The Tyasmyn unit (6.4-6.8 m) is a light-yellow loess (in places up to 0.7 m thick), loose, porous, filled in with carbonates in root casts, with multiple krotovi-nas. The thin ground wedges in a raw opened from its lower boundary and dissect the underlying deposits. The C content is low (0.3-0.5 %) and CaCO con-

org 3

tent is high (5-8%). The loess does not differ from the overlying soils in the contents of R2O3 and clay fraction, obviously because of the impact of the following pedogenic processes on this thin layer, but the sum of CaO and MgO is higher than in the soils (4%). The pollen assemblage is dominated by NAP (85-88%) of the same composition as in the overlying deposits. The AP (10-14%) consists of Pinus sylvestris (dominates), a few Betula pendula and B. sect. Nanae et Fruticoase, Alnus glutinosa, and, at one level, a few grains of broad-leaved taxa (Quercus sp. and Corylus avellana).

The Kaydaky unit (6.8-14.2 m) includes well-developed pedocomplexes, pedosediments and gully alluvium. The upper part of the unit is represented

by pedosediments of subunit 'kd3' (6.8-8.9 m) - the alternation of brownish-grey and dark-grey sandy loams, which includes thin (< 5 cm; rarely up to 10 cm) sand layers. The deposits are thinly bedded and gently inclined downslope. In their upper part, the pedosediments are penetrated by carbonate pseudo-mycelium (CaCO3 from 7% to 1% downwards), and, at the level around 7 m, the peak in dry salts content (mainly calcium sulfates) occurs. Below this level, the content of dry salts in the Kaydaky unit is very

low. The content of C increased downwards (up to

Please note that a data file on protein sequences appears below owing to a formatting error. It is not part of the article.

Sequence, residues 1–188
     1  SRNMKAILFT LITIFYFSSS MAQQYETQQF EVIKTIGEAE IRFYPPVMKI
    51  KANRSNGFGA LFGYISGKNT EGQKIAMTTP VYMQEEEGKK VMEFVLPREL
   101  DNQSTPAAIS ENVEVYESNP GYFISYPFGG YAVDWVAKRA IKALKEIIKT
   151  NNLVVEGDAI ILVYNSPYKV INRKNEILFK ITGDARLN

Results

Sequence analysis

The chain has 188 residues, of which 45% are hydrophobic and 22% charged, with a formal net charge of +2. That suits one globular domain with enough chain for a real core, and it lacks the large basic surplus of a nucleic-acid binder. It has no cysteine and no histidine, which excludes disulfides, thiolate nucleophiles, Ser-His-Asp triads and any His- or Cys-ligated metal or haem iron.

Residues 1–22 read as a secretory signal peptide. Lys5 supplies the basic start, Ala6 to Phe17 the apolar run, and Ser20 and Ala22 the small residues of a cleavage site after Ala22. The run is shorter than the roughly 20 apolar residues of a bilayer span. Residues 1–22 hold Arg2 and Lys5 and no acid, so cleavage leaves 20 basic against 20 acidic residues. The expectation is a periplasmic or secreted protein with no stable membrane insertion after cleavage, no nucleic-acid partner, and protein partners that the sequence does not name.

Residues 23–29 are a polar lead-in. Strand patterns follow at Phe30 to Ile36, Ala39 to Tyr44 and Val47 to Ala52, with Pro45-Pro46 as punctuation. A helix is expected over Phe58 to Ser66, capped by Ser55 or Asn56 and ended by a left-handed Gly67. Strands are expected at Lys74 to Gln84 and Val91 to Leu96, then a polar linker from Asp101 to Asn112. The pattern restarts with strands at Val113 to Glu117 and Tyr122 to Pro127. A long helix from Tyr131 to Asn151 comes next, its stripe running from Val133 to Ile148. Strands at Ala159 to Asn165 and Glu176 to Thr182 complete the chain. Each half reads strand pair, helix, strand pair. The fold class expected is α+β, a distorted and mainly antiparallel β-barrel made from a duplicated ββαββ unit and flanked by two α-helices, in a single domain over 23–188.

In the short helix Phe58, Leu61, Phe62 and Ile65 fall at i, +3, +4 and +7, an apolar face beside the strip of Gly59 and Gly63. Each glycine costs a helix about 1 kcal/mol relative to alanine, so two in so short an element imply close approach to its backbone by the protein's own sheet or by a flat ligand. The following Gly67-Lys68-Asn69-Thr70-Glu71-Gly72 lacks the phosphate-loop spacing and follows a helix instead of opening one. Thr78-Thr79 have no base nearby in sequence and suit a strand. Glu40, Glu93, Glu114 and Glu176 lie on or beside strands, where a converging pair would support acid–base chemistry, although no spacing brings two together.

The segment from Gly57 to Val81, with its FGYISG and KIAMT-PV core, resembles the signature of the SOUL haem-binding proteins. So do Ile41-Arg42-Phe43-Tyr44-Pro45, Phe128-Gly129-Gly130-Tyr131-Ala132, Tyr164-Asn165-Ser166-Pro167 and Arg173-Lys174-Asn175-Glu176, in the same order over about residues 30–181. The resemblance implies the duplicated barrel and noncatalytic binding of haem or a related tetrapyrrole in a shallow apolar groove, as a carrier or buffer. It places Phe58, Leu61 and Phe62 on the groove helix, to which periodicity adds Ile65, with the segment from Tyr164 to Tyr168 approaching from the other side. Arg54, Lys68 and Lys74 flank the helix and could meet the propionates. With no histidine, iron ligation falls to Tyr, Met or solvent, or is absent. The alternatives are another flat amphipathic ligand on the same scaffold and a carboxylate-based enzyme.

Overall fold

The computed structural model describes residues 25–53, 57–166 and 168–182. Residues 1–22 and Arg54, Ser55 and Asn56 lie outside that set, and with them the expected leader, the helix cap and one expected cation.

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1.2%) in parallel with the predominance of dark-grey re-deposited soil material. The contents of R2O3 and clay fraction is lower than in the overlying and underlying soil deposits because of a strong increase in sand fraction in the pedosediments.

There is no point in establishment of pollen assemblages in pedosediments as they include re-deposited pollen. Nevertheless, two palynologically different parts of these pedosediments are traced. The upper brownish-coloured beds (6.8-7.8 m) has the very low AP (4-9%), represented mainly by Pinus sylvestris (a few grains of Alnus, Betula and Quer-cus). The percentages of Chenopodiaceae pollen here are the same as in the overlying deposits. The lower darker-coloured beds (7.8-8.9 m) are richer in AP (up to 21%) which includes Alnus, Betula, Quercus, Ul-mus, Corylus, Euonymus and Elaeagnaceae. The percentages of Chenopodiaceae in the NAP are less than in the overlying deposits.

In the excavation, located higher up in the course of the ravine, the pedosediments above the Kaydaky pedocomplex are absent, and the latter is overlain by the incipient soil 'kd3c' (0.3 m thick). It is light-brown in colour, not-compacted, and dissected by the wedges filled in with the Tyasmyn loess (up to 0.2 m in width in their upper part and 0.7 m in depth). The Corg content in the soil is low (0.6%), as well as that of dry salts, whereas the content of CaCO3 is high (7%). The pollen assemblage of the incipient soil is dominated by NAP (75%), in which the percentages of Chenopodiaceae, Asteraceae and the sum of other forbs are approximately equal. Pinus sylvestris dominates the AP, but pollen of Alnus glutinosa, Betula pubescens, B. pendula, Quercus sp., Tilia cordata and Euonymus sp. occur.

In the main excavation, the Mollisol 'kd_ ' (8.9-9.4 m) is partly truncated by the overlying pedosediments but still has very high contents of Cor (1.2-1.3%) and R^3 (12-14% %). It is leached frorn carbonates and dry salts. The soil material is dark-grey silty loam, loose, with granular-crumbly structure, and the gradual transition downward. Higher up in the course of palaeogully, this soil is 0.8 m thick, with A1